What Is The Best Dog Food for Hunting Dogs?
The Ultimate Hunting Dog Food Buyer’s Guide
If you are familiar with hunting dogs then you probably know that they run the gamut from small dogs like the little Boykin Spaniel to larger dogs like some of the big retrievers. Even some of the all-purpose continental breeds can be quite large, though they are very athletic dogs. And that’s just the Sporting dogs.
Many of the Hound breeds are actively hunting today, too. They also range in size from the small Beagle through the various Coonhound breeds to the Bloodhound. “Hunting dog” covers a lot of different dogs and there are a lot of things to consider when you are choosing the best food for your dog. We’ll look at what you need to know to choose the best food for your dog so he can do his job in the field.
Please note that for the purposes of this article we are assuming that your hunting dog is actively working. We know that lots of people love hunting breeds. Many of them love to be with pebople, they are friendly, biddable, and often easy to train. They often make wonderful pets and family dogs. Labs, Goldens, and other sporting breeds are some of the most popular dogs in the United States. However, there are big differences in the way you would feed your pet Labrador Retriever and the way you would feed a working Lab. Here we are looking at how to feed working field dogs. If you feed your pet Lab the same diet that you feed a working Labrador Retriever, you can expect your dog to quickly become obese.
Disclosure: Please note that this post contains affiliate links, which will direct you to our partner sites. If you purchase the pet foods we recommend through those links, we may earn a small commission – at no extra cost to you.
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Hunting Dog Diet & Nutrition
Since “hunting dogs” covers a variety of breeds, each with their own ideal weights, it’s important for you to be familiar with the proper weight and condition for your dog. You can find this information and photos on AKC.org, UKCdogs.com, rare breed sites (if that applies), NAVHDA.org (The North American Versatile Hunting Dog Association), as well as various sporting magazines that follow hunting with bird dogs and hounds. Hunting dogs are athletes so you should look for photos of dogs in the field and at work. Many hunting dogs are much leaner than pet dogs of the same breeds. They usually have muscles instead of much fat. If you are familiar with some human athletes then you know that some of them have a very low body mass index and the same is true for many hunting dogs when they are in the middle of hunting season. This doesn’t mean that you should try to starve your dog. You should always make sure he has plenty of healthy food so he can do his work. But dogs that are doing a lot of field work and getting good nutrition will often convert their food to lean muscle.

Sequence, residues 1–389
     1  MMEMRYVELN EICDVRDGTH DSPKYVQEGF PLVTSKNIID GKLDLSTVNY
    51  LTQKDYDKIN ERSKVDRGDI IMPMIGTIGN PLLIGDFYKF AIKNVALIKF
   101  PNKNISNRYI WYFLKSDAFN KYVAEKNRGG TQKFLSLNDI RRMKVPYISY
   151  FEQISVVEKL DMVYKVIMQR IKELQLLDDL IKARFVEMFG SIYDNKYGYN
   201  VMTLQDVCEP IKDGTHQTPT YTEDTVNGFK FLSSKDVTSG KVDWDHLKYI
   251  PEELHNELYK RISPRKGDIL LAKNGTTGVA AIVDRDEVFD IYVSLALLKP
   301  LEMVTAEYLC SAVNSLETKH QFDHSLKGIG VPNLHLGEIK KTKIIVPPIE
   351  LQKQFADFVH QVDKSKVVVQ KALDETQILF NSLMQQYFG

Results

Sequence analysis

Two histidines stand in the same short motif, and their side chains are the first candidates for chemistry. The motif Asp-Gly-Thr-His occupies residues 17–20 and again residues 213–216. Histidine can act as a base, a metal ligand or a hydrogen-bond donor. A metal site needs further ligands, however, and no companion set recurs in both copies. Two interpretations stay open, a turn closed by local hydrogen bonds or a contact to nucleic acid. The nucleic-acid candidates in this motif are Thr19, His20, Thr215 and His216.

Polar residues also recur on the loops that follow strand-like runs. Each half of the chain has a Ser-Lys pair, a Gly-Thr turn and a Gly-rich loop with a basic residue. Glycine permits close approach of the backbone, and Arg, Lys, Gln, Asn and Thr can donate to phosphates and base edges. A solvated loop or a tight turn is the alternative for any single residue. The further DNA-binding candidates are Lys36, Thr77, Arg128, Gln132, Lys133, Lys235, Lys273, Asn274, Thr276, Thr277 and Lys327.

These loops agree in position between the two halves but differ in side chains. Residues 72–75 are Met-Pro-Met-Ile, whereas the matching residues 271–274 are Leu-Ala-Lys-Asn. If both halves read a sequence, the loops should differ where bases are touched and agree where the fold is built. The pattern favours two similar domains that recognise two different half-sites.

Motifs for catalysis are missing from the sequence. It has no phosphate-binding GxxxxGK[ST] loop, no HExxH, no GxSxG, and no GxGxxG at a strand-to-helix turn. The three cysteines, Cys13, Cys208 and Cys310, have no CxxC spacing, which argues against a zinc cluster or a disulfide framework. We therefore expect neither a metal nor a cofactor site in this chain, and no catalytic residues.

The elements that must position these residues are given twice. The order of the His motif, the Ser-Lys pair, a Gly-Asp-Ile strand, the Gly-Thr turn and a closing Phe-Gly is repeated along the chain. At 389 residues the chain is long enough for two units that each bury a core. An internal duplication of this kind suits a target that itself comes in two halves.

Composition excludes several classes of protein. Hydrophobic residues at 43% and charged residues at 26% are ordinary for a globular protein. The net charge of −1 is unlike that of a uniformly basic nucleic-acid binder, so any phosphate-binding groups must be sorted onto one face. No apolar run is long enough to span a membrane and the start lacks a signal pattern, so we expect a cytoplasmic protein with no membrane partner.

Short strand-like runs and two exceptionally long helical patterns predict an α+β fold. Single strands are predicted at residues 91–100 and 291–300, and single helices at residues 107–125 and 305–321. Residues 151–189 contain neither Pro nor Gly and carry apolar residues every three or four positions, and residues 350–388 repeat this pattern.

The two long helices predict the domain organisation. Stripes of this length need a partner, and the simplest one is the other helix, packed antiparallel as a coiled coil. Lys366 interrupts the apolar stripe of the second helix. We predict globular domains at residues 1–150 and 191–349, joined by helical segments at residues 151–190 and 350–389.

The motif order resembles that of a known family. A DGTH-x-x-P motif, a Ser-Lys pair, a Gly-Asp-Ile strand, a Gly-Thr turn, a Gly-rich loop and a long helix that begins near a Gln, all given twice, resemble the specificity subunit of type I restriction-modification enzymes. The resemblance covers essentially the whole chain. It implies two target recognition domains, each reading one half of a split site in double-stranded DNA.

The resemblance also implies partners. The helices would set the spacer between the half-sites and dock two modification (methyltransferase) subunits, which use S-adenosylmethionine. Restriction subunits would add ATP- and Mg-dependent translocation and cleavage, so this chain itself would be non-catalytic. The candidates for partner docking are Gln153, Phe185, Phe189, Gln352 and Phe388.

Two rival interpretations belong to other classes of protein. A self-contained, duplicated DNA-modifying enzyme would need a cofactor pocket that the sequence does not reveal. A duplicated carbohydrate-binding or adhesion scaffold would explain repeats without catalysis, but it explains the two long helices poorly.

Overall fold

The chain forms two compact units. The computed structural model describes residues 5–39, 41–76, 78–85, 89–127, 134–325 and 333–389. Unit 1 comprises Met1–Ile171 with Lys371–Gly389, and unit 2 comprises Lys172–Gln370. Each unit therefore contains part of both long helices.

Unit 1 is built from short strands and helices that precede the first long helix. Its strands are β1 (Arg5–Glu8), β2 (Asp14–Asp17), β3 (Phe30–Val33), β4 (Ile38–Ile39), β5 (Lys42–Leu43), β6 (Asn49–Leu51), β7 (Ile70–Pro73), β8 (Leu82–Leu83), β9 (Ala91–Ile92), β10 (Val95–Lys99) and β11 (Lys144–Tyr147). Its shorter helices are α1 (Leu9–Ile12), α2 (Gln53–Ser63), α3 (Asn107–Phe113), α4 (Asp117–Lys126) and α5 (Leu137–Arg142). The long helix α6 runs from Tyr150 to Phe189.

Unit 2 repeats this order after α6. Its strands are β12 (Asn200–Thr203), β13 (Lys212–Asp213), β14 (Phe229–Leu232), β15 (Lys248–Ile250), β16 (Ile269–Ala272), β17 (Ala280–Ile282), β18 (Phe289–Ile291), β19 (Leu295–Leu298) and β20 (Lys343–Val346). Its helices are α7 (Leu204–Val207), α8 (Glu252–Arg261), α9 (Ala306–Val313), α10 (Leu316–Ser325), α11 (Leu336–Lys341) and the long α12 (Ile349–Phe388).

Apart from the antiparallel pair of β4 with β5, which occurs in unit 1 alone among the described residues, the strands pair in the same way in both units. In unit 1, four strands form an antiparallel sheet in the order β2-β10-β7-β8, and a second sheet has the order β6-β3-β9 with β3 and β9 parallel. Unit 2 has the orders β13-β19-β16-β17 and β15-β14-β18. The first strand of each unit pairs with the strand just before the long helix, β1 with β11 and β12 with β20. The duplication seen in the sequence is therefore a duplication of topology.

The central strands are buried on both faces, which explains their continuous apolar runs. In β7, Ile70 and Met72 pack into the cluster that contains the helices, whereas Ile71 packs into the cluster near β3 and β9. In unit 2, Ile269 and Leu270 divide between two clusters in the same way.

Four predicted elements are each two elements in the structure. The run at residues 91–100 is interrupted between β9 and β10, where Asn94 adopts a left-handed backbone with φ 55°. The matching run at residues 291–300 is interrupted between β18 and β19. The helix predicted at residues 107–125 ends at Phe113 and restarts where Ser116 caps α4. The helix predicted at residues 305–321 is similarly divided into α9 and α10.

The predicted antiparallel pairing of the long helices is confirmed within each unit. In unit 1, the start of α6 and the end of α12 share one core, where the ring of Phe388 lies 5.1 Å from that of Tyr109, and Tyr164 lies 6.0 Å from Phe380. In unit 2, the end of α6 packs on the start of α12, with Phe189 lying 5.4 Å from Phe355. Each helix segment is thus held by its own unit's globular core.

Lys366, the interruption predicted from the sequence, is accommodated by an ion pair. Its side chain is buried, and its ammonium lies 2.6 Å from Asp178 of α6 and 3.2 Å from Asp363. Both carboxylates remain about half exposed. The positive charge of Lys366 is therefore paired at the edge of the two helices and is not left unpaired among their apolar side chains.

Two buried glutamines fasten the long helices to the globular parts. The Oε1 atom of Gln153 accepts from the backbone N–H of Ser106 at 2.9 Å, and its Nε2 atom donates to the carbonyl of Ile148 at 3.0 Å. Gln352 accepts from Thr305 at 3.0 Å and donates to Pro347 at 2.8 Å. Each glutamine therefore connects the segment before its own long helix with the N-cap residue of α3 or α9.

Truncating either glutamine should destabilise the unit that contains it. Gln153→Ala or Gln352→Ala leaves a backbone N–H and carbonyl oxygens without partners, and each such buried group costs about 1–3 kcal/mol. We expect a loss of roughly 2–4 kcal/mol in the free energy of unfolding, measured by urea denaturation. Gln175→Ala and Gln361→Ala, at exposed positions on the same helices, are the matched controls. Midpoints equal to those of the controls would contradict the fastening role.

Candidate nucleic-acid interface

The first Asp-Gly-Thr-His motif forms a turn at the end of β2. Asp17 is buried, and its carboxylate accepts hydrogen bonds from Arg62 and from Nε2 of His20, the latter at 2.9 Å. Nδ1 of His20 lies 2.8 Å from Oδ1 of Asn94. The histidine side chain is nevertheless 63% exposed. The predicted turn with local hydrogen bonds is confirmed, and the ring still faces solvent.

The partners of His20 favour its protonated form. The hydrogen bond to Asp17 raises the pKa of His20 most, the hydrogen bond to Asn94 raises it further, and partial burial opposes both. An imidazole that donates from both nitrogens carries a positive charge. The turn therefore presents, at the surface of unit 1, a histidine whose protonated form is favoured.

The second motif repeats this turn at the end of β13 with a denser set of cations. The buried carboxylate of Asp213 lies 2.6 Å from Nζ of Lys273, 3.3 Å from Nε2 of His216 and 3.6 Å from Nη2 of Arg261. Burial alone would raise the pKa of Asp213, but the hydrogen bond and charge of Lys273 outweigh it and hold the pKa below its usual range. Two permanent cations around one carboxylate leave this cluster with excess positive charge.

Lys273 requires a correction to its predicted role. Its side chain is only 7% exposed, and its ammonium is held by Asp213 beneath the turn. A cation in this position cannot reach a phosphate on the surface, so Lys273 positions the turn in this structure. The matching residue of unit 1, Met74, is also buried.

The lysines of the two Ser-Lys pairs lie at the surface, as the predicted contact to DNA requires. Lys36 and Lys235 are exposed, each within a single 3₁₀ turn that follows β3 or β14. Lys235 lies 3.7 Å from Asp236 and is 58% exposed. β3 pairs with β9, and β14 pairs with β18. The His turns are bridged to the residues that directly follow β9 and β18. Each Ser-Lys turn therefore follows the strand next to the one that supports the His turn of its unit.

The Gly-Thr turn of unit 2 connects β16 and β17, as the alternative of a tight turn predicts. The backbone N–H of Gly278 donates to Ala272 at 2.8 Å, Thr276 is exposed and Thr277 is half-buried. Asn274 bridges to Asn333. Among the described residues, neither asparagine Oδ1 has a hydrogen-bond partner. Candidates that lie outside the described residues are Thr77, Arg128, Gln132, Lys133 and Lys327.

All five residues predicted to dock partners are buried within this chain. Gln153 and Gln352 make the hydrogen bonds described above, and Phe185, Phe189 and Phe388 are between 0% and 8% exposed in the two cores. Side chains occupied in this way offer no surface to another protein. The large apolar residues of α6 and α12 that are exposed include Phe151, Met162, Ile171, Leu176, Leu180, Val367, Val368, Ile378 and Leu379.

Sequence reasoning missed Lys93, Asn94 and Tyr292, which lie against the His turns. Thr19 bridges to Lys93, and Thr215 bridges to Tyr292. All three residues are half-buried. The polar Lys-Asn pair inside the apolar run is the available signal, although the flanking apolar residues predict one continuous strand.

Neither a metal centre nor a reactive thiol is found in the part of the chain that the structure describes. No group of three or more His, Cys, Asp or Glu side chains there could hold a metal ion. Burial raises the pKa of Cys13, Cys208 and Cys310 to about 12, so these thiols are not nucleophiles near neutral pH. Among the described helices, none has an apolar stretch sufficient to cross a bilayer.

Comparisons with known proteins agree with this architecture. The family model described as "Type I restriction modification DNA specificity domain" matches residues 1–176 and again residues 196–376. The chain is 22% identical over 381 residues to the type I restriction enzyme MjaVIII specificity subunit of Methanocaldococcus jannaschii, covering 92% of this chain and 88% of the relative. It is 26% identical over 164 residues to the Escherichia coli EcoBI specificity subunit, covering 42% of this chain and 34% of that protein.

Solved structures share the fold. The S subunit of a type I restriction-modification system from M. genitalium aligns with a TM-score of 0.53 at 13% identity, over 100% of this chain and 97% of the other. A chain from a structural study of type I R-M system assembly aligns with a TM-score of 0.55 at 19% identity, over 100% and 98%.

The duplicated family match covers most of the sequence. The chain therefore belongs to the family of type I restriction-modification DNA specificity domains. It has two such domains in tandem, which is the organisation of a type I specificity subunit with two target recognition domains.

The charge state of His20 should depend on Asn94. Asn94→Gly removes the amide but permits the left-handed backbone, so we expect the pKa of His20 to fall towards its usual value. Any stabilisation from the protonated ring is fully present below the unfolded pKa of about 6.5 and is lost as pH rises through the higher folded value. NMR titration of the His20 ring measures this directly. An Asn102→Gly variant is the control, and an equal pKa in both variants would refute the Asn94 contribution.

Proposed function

The National Research Council of the National Academies does provide recommendations for active working dogs. A 30-lb dog doing light work will need around 1030 calories per day. The same dog doing moderate work will need about 1311 calories per day. And the same dog doing heavy duty work can require between 1873 and 3747 calories per day! A 50-lb dog doing light, moderate, and heavy work would need 1511, 1924, and 2748 to over 5000 calories per day.
You can normally use the guidelines provided on the dog food label as a good starting point for feeding your hunting dog. Those suggestions are based on the same calorie formulas that you find online. After your dog has started eating a new food, watch his weight, activity level, skin and coat condition to see how he’s adjusting to the food. If he’s gaining too much weight (or losing weight), you can make adjustments to the amount you are feeding. Your dog’s individual metabolism and how much exercise he’s getting will determine how much to feed.
Dogs that have been spayed/neutered or that are older might need slightly fewer calories. Young adult dogs usually require slightly more calories.
We always suggest that you look for a dog food that is AAFCO-approved. Some people criticize AAFCO because their feeding trials and requirements are not as stringent as they could be, but they provide a minimum standard that any good dog food should be able to meet.
Feeding Your Hunting Dog